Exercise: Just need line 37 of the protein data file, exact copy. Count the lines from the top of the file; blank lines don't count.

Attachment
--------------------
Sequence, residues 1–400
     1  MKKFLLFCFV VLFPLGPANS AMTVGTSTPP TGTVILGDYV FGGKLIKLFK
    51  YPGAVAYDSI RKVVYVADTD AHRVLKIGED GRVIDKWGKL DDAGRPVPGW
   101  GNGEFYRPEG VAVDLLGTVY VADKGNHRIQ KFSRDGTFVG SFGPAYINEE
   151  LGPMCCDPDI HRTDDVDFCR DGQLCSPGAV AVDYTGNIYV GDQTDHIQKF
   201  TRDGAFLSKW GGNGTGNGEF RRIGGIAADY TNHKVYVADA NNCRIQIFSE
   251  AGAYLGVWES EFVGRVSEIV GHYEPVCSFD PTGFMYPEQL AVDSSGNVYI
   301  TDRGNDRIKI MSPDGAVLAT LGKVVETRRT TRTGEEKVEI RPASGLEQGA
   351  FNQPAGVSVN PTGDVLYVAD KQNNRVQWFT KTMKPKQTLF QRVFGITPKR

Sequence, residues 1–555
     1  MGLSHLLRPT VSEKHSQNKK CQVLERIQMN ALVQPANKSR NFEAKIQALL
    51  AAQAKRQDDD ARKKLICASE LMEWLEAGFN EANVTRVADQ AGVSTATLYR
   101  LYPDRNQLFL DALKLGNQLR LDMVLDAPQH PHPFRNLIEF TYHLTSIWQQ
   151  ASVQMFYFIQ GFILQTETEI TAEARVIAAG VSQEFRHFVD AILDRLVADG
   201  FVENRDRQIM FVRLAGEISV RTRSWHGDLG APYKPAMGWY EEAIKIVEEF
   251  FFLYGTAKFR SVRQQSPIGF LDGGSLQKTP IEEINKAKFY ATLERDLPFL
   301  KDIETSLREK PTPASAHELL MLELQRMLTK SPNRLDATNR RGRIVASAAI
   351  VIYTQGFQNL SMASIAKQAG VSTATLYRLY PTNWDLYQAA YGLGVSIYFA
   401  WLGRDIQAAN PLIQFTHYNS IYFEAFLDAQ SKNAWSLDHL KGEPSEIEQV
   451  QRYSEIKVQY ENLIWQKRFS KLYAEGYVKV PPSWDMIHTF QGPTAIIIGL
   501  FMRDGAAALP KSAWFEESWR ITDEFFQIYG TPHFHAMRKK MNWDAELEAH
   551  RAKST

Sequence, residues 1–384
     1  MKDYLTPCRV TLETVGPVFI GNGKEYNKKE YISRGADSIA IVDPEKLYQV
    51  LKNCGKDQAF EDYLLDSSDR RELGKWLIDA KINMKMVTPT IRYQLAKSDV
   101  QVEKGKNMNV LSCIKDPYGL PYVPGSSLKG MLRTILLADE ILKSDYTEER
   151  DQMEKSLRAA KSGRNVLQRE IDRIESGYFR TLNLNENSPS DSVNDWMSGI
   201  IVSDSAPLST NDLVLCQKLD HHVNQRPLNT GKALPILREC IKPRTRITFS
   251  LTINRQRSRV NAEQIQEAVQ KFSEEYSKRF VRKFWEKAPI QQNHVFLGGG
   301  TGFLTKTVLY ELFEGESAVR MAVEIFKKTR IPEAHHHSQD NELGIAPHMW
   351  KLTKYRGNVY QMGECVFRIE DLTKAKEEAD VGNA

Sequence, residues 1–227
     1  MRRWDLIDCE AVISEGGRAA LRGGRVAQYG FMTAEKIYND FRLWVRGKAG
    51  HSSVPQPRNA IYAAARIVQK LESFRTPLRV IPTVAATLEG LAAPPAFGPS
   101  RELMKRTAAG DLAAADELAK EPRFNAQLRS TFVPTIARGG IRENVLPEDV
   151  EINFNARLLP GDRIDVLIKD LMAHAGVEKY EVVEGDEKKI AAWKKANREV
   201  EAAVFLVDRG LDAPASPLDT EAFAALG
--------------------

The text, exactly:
   201  EAAVFLVDRG LDAPASPLDT EAFAALG